Israel’s vow to intensify Rafah operation strains support at home, abroad

Israel’s vow to intensify Rafah operation strains support at home, abroad

JERUSALEM — The Israeli government is pushing forward on intensifying military operations against Hamas in Rafah, despite increasing international isolation, deepening tensions with President Biden and pressure from Israeli society critical of efforts to free hostages held in Gaza.

Israel describes the southern Gazan city of Rafah as the stronghold of the last pieces of Hamas’s conventional army, and it sees the border area with Egypt as a loose sieve where weapons and supplies flow freely to Hamas.

Biden has said he has a red line against an Israeli military operation in Rafah that causes wide-scale destruction and death for Palestinian civilians. But the administration, so far, has not described growing Israeli military operations in the southern Gaza Strip as crossing the threshold of wide-scale warfare.

The Israeli military has increased the number of troops present in and around Rafah over two weeks since the start of operations in earnest, said Seth Frantzman, an Israel-based adjunct fellow with the Foundation for Defense of Democracies based in Washington.

“They’re basically moving along this very narrow area of land that is along the Gaza-Egypt border, which is about 8 miles of border, and I think they’ve taken about 50 percent of it,” he said.

“They’re operating in a narrow strip. I think that is intentional, so that they don’t have to enter the really built-up, more densely populated areas.”

But the vast majority of the international community and humanitarian groups are raising alarm that Israel’s ongoing military operations are putting at risk nearly 1 million Palestinians, displaced multiple times, and that humanitarian assistance deliveries have yet to scale up enough to meet the needs of the people.

“The claim that people in Gaza can move to ‘safe’ or ‘humanitarian’ zones is false. Each time, it puts the lives of civilians at serious risk,” Philippe Lazzarini, commissioner-general for the legacy agency that provides relief for Palestinian refugees, known as UNRWA, posted on the social platform X.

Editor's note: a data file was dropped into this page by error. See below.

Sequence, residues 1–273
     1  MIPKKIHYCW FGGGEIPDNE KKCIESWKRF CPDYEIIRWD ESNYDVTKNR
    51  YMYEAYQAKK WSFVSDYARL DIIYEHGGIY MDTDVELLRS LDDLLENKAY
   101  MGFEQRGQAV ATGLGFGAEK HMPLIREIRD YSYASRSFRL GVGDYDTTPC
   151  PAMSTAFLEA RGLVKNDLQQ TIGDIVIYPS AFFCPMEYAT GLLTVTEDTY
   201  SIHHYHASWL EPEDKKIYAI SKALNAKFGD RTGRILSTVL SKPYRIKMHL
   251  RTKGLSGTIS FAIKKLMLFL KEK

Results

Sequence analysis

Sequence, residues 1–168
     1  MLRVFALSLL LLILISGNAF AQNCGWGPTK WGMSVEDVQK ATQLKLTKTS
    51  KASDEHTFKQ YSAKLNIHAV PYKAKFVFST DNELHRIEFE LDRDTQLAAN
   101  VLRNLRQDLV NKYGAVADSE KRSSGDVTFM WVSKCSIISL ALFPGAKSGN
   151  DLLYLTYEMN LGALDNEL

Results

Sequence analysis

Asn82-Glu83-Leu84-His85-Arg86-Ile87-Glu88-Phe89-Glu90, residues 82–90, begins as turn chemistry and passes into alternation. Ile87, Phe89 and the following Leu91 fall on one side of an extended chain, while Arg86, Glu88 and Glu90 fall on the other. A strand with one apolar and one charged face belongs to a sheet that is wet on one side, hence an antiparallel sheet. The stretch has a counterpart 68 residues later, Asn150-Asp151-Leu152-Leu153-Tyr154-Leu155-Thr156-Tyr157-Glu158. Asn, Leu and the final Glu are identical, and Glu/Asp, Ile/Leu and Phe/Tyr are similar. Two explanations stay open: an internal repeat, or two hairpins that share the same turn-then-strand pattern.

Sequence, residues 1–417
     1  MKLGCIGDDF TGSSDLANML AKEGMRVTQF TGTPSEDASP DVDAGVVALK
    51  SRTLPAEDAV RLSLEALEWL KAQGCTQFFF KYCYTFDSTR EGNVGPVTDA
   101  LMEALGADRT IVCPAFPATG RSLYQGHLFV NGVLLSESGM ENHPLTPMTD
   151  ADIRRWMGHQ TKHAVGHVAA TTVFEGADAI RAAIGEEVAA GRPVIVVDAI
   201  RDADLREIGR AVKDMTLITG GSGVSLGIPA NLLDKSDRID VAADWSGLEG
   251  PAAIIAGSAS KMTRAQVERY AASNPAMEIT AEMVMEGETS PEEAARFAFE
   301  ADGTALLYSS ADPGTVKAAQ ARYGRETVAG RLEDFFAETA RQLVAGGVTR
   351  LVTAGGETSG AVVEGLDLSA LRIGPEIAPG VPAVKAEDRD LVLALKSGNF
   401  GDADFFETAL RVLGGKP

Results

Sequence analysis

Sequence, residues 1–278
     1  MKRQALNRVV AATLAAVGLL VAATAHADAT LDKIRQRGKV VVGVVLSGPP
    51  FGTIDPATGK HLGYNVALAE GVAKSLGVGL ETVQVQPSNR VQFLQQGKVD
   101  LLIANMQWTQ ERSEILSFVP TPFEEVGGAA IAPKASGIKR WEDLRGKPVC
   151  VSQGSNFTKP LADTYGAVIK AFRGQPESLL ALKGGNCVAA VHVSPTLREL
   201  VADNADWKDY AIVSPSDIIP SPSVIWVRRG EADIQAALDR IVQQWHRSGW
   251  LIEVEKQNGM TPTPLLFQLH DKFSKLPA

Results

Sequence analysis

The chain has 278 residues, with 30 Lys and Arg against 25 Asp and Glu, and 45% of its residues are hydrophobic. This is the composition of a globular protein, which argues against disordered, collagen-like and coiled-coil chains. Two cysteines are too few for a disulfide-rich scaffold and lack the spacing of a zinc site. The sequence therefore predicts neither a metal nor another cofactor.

He warned that 800,000 Palestinians have been forced to flee, exacerbating the humanitarian crisis.

“Gaza does not have any safe zones. No place is safe. No one is safe,” he said.

And the International Court of Justice (ICJ) issued a ruling Friday for Israel to halt its military operations in Rafah amid concern of acts of genocide occurring against the Palestinians.

The ICJ does not have an enforcement mechanism, and Israeli Prime Minister Benjamin Netanyahu has earlier rejected international pressure to pull back on his country’s military operations.

“No amount of pressure and no decision in any international forum will prevent Israel from defending itself against those who seek our destruction,” the prime minister said last week.

The statement came in response to an announcement by the prosecutor for the International Criminal Court earlier this week that he is seeking arrest warrants against Netanyahu and Israeli Defense Minister Yoav Gallant over allegations of starvation as a war crime.

And earlier this week, Ireland, Norway and Spain made the move to recognize a Palestinian state, a move that was criticized by Israeli officials but welcomed by advocates for Palestinians as elevating their human rights.

“The recognitions … contribute positively to all international efforts towards ending the Israeli illegal occupation and achieving peace and stability in the region,” the ministry of foreign affairs for the Palestinian Authority said in a statement.

But Netanyahu and his supporters say those actions reward Hamas for carrying out the most devastating attack against the Jewish people since the Holocaust. More than 1,100 people were killed in the Oct. 7 invasion, and 250 people were taken hostage.